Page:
And I don’t. I’d like to form some kind of chosen family at some point. I’m not sure how I’ll try to do that, but it won’t be through ‘dating’. I have never felt any inclination to date anybody, except in circumstances when the word ‘date’ is being used very, very loosely (I had a friend who I would go on ‘dates’ with, but a ‘date’ was simply anything we decided to do in advance together at a specific time, like go to the Wanhua District of Taipei. She is heterosexual).

Even though I’ve told my mother before that I don’t want to date, I don’t think she actually understood what I was saying until just then. Maybe she still doesn’t understand. We’ll see.

She also said that one of the most interesting parts of the book is the list of novels with ace characters. She asked me if I had read any of them. I have only read Quicksilver. My mom went ahead and got a bunch of these novels from the library, but I think most of these books are not her cup of tea (she hasn’t said much about them).

The Invisible Orientation has been a helpful book. It is a lot easier to hand it to my mother than to try to educate her about asexuality myself. It has also sparked dialogue, especially about this issue of dating where she had some misconceptions about myself and I avoided talking to her about it because it was easier to avoid the subject and I only had a vague notion of the misconceptions she had. I am very glad that this book exists.

My Mom’s Been Reading The Invisible Orientation (Part 1)

For those who don’t know, The Invisible Orientation is the book about asexuality by Julia Sondra Decker which was published last year.

I’ve only skimmed through the book, and just as I’ve expected, I’m not in the target audience. It is mostly stuff which I already knew.

My mom, however, IS in the target audience. And she’s been spending a lot more time with the book than I have.

After I returned to San Francisco, she’s become a lot more interested in asexuality than she ever has been before. The background is, when I first came out to my mom, she said I was just a late bloomer, and a few months later I moved to a different continent and had only limited contact with my mom for a few years, and never discussed asexuality with her during this time. I do recall that, at the time of my departure, she had seemed to have already accepted to some degree that I was asexual.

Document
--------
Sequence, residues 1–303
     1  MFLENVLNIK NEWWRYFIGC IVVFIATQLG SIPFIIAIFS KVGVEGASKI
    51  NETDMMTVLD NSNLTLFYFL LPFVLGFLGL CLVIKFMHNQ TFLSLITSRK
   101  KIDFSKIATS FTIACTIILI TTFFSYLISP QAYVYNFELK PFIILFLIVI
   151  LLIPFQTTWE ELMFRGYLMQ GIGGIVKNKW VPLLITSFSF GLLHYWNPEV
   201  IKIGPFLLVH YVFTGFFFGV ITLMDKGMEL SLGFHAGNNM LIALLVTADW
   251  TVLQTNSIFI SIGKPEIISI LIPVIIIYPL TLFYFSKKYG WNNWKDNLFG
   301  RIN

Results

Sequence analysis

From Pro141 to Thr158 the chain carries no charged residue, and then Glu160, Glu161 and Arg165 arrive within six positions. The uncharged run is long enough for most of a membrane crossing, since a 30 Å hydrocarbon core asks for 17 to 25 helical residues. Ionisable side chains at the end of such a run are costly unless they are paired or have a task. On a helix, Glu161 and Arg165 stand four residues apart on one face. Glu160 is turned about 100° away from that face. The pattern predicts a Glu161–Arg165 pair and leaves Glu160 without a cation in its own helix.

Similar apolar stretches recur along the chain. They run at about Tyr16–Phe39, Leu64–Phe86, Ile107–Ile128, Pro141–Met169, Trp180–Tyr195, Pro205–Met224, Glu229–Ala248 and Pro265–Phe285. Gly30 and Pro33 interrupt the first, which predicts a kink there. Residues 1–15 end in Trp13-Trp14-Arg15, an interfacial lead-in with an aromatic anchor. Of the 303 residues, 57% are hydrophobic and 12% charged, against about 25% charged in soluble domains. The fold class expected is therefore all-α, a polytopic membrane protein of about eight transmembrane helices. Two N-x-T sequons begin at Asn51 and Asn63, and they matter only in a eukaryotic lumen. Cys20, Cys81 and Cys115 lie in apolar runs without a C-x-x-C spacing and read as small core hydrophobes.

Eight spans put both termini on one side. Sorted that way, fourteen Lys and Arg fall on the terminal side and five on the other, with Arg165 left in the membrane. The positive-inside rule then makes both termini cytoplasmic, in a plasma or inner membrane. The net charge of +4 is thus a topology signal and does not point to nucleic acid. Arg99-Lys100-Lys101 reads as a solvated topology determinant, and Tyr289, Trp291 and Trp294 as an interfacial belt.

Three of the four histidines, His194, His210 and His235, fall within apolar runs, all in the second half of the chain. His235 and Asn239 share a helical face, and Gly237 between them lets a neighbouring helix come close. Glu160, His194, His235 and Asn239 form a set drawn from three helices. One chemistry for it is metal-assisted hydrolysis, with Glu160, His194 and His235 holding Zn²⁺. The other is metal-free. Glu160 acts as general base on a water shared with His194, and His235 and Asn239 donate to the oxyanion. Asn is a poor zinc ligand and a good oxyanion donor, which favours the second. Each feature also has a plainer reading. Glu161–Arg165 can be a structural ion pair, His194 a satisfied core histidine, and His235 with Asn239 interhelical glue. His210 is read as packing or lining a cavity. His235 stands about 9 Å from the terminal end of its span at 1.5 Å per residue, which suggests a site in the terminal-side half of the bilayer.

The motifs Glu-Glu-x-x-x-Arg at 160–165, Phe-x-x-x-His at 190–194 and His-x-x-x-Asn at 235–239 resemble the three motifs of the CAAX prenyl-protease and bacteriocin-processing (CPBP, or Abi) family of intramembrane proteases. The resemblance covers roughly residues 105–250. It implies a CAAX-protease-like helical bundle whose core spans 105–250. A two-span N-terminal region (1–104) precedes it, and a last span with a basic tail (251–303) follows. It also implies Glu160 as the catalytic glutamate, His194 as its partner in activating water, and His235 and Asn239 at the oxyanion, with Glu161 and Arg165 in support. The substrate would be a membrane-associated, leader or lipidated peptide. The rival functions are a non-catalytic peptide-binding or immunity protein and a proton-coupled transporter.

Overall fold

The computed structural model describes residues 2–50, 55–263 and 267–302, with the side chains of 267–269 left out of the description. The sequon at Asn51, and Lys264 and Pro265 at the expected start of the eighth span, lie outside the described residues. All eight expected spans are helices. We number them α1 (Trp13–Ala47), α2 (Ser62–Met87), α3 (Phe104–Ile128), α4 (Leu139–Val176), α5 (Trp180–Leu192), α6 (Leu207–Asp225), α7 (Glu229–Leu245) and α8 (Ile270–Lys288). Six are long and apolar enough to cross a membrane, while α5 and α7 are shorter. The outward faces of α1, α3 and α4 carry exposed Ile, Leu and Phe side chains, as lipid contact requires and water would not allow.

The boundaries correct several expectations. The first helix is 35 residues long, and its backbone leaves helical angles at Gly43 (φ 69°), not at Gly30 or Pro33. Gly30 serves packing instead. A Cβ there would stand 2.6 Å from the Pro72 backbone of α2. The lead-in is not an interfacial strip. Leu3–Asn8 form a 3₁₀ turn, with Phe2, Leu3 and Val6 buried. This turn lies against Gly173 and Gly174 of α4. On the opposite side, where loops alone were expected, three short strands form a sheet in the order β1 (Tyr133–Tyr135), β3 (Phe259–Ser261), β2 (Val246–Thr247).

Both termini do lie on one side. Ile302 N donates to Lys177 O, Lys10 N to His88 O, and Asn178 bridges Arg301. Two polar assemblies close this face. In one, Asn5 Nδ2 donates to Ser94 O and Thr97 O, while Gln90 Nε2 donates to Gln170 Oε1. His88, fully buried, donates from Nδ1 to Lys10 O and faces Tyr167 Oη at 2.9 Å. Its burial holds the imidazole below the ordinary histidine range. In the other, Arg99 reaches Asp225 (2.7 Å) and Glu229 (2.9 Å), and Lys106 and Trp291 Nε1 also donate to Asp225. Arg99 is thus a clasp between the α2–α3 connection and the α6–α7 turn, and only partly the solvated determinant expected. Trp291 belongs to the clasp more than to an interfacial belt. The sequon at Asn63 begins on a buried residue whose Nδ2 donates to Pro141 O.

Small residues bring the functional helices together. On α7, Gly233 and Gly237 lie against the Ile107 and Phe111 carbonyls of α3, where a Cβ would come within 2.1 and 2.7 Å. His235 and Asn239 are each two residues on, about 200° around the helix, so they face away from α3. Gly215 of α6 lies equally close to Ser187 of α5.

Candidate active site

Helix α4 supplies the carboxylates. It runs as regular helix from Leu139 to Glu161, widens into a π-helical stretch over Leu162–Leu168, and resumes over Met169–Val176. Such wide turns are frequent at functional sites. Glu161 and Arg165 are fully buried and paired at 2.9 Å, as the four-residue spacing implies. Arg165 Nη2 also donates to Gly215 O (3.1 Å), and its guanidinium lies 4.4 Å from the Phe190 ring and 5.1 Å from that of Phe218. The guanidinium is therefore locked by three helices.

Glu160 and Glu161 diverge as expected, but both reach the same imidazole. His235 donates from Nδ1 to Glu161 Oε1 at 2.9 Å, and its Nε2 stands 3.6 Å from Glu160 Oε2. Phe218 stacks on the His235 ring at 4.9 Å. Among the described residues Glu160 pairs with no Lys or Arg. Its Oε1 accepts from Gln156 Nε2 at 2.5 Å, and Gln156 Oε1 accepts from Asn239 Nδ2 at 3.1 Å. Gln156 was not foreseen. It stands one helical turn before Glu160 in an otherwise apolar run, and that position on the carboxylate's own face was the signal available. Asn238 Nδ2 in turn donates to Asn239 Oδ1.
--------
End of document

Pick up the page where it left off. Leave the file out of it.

She has tried to learn about asexuality on the internet but … well, let’s just that the internet is not a suitable venue for my mother to learn about asexuality. I have given her some Asexuality 101, but there is a limit to that because a) I don’t like giving people Asexuality 101 in general and b) it is particularly difficult with my mother because there is a lot of personal history, expectations, feelings, etc. – and we both have to get through that in a way which is not harmful to our relationships – which makes it more complicated than giving Asexuality 101 to a stranger. She actually asked me if there was a book about asexuality, which was the perfect opening for me to tell her about The Invisible Orientation.

One of her first reactions was “This book is like reading a dictionary”. At the time, she held a book which I’m guessing (but am not sure) is a romance novel, and I said “Uh, I think that’s the wrong book.” And then she said “I mean the asexuality book – I started reading this because I’ve had enough of reading about word definitions today.”

That is definitely one of the reasons why The Invisible Orientation is more helpful than the internet for educating my mom – even in organized book format, it was tough enough for her to get the hang of the terminology. On the internet, with its plethora of disorganized sources, it was overwhelming for her.

She eventually got through that section of the book, and then confided in me “When I heard you were asexual, I had two thoughts. The first was that, as you get older, and have more experiences, you may find that you are sexual. I’ve given up on that.” [I think coming out to her shortly before leaving North America was brilliant timing on my part] “But I still have my other concern, and that asexuals are so rare, 1% of the population, it’ll be hard for you to find a partner.”

To be continued.